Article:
This website uses cookies to ensure you have the best experience. Learn more

Ethnography Of The Maasai Essay

1168 words - 5 pages

Within the Maasai culture there are several political decision makers. One decision maker is the father in a family unit. The father can decide where his children live within the kraal, which is an enclosed settlement. Another part of the decision making process in the Maasai culture are the elders of the clan. Another group that participates in the Maasai’s process of making decisions are the warriors. Warriors are the young men of a tribe; boys become warriors after they are circumcised. Thus decisions are made by elders, the head of the kraal, and by fathers in a tribe.
Politically, prior to 1961 the British ruled over Tanganyika. Many of the Maasai people were not completely aware of British government because they maintained rule over themselves. Tepilit depicts a political scene where his father had no idea that the British ruled over Tanganyika. The Maasai were unaware because of the subtle way that the British used the chiefs to create and carry out the policies that the British wanted. This method of government, constructed in such a way led Tepilit’s father to be ignorant of the leadership until it ended in 1961. Tepilit’s father, however, was correct on a smaller scale because Maasailand was not under direct influence of the British rule. Tepilit even states that one Maasai rule infers that if direct interference occurs then “Rebellion would be inevitable” (Saitoti 41).
Tepilit’s father, as the head of the kraal participates in all decision of the clan. A kraal is a village of huts that are surrounded by bushes of thorns that are used to keep predators away. Whenever an important decision needs to made the head of the kraal will gather the warriors and youth in order to consult with them on the matter. One example from Tepilit’s life is when, in 1966, Mount Lengai erupted. The eruption caused “Poisonous volcanic ash” (Saitoti 57) to spew into the sky and onto the land. Cattle, as they grazed, consumed much of the ash and became sick. The sick cattle were then unable to awaken without support from a human. When Tepilit’s father called together the people of the kraal, he informed them that they had to move, lest their people start dying like the cattle. As head of the kraal, Tepilit’s father encouraged the group as they traveled to ensure that not only the people, but the cattle made it safely away. Cattle, to the Maasai, are very important and it is seen as a sacred task to take care of the animals. Therefore when some of the livestock would fall over Tepilit’s father would plead for the creatures to be helped. As head of the clan, Menye Tepilit, berated those that grew tired of having to travel with the sick cattle because of how important cattle are to the Maasai people. Another job that the head of the kraal conducts would be choosing which cattle to sell or give away as gifts. This is an important job because the head is also choosing whose cattle to send away. The elders of the Maasai Tribe use the moon the help...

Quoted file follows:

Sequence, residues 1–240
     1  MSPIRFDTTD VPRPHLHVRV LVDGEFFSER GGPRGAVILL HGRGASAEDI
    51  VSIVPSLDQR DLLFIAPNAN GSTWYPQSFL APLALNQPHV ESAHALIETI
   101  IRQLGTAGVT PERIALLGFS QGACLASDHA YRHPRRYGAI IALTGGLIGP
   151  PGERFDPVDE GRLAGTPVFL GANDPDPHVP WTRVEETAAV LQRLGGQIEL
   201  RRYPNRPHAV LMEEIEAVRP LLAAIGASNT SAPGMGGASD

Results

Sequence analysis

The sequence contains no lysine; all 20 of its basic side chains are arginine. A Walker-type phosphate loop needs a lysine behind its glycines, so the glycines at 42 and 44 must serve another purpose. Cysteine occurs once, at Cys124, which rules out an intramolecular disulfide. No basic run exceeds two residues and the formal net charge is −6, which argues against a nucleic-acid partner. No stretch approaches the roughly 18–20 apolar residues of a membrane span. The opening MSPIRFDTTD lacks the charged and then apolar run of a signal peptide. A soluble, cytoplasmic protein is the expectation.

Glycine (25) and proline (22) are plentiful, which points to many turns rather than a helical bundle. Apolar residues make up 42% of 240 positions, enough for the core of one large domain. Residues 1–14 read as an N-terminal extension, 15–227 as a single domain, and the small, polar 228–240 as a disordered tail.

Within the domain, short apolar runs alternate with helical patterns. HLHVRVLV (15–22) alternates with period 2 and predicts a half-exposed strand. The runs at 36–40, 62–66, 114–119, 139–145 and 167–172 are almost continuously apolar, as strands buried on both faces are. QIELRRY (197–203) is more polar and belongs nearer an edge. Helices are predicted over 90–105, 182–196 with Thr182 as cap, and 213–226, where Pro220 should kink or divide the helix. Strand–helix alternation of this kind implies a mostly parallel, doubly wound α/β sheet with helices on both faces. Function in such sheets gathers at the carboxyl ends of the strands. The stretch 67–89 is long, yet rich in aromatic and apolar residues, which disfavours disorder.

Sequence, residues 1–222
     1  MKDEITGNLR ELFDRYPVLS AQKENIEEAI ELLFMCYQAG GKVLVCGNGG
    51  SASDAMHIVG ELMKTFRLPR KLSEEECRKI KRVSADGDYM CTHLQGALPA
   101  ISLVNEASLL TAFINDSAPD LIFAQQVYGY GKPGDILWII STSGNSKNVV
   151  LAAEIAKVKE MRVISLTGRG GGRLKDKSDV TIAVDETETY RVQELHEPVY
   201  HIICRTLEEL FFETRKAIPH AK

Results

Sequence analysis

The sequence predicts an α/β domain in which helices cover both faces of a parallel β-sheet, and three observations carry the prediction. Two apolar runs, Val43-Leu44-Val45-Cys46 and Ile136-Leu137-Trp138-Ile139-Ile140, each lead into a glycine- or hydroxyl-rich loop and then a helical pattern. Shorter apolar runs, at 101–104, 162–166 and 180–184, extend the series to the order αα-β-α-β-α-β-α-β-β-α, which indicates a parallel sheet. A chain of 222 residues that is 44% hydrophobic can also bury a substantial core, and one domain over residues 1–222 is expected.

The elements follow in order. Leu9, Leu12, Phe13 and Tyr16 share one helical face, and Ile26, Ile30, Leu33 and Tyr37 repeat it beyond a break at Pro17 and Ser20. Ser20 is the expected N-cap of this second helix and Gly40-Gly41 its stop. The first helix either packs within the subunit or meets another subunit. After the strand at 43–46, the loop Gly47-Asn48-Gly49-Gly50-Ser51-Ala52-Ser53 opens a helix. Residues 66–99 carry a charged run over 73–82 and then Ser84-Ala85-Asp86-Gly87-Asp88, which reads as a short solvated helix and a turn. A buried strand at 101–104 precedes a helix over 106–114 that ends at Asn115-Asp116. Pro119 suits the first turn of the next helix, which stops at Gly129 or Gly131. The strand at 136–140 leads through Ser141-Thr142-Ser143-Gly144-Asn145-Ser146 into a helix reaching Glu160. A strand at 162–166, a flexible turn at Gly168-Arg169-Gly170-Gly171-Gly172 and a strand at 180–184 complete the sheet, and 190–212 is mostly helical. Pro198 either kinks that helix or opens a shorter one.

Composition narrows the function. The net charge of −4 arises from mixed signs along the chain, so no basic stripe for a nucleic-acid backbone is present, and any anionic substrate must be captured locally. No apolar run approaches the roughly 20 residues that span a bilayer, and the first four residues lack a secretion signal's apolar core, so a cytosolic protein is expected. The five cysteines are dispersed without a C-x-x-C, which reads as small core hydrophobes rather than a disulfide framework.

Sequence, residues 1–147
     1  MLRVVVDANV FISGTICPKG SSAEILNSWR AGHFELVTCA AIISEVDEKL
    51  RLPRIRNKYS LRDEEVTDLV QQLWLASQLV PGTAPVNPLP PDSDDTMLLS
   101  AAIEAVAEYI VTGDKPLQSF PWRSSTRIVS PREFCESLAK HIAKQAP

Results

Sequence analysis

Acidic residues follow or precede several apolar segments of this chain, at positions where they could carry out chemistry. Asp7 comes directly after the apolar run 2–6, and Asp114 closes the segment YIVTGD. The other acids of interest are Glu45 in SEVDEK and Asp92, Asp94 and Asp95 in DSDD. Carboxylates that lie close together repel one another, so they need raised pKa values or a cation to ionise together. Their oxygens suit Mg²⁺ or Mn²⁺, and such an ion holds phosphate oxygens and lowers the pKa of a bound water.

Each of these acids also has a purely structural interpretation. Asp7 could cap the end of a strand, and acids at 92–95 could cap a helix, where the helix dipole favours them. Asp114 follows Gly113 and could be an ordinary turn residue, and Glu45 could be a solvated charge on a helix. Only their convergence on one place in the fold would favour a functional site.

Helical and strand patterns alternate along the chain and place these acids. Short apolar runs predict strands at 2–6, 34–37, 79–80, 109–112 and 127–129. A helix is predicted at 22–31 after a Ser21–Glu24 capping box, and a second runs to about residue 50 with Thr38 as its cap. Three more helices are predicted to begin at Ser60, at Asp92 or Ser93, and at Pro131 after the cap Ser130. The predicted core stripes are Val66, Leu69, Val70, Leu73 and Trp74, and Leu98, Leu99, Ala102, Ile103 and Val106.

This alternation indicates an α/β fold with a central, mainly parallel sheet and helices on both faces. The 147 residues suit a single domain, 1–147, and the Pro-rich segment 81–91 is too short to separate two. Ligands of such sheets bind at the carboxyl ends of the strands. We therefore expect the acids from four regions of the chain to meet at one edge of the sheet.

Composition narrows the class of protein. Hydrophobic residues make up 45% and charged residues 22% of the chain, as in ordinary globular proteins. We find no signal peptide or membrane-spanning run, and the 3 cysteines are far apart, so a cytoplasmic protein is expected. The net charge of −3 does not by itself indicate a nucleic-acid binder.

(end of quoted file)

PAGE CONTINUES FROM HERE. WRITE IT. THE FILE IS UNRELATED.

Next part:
Find Another Essay On Ethnography of the Maasai

Ethnography of Fans: The Typical Fans of the Nashville Sounds

1653 words - 7 pages In order to determine the current success of the Nashville Sounds I surveyed fans of the game. I used the “snowball effect” to get responses from fans I knew and then had them refer me to fans they knew for responses to my questionnaire. I also submitted my questionnaire to a local blogger who discusses Nashville Sounds baseball. Garnering 38 responses, I feel I have gained knowledge of the typical fan as well as differences in

The Maasai Culture And Ecological Adaptations

3471 words - 14 pages Introduction The Rift Valley in East Africa has been the home of pastoralists for over three thousand years. A number of different tribes migrated to Kenya, grouped by language they include the Cushites derived from Southern Ethiopia, the Nilotes, which include the Maasai, from Southern Sudan, and the Bantu. The Maa speaking people are the group from which the Maasai originated; their expansion southward into the Great Rift Valley began about

The Massia Cultural Breakdown

1788 words - 7 pages The Maasai Cultural Breakdown Paper “Righteousness exalts a nation, but sin is a disgrace to any people” Proverbs 14:34. This is a quote from a web site (, that defines parallels to the culture of the Maasai. The Maasai Culture is from Southern Kenya. The culture is very family based, with many families being quite large. The Maasai own a total land area of 160,000 kilometers ( http://maasai

My Dad Is Gay

1337 words - 5 pages Maasai In the shadow of the famous Mt. Kilimanjaro, among the golden plains of the Great Rift Valley, live a fascinating people. These people are known as the Maasai, a nomadic tribe of cattle herders located in Northern Tanzania and Southern Kenya. Though their tribal life would seem strange to most modern people, perhaps the lives of the Maasai women are the strangest. The life of a Maasai woman is one of degradation and hardship. She has

The Maasai Tribe

1824 words - 7 pages The Maasai are one of the many southern-most tribes located in Kenya. They are physically related, and also in many other forms related to the Samburu and Turkana. The Maasai have a relatively complex culture and traditions. In fact, for many years they were unheard of. By the late 1800’s we soon discovered more about the Maasai, mostly from their oral histories.      It is presumed that the Maasai came from the north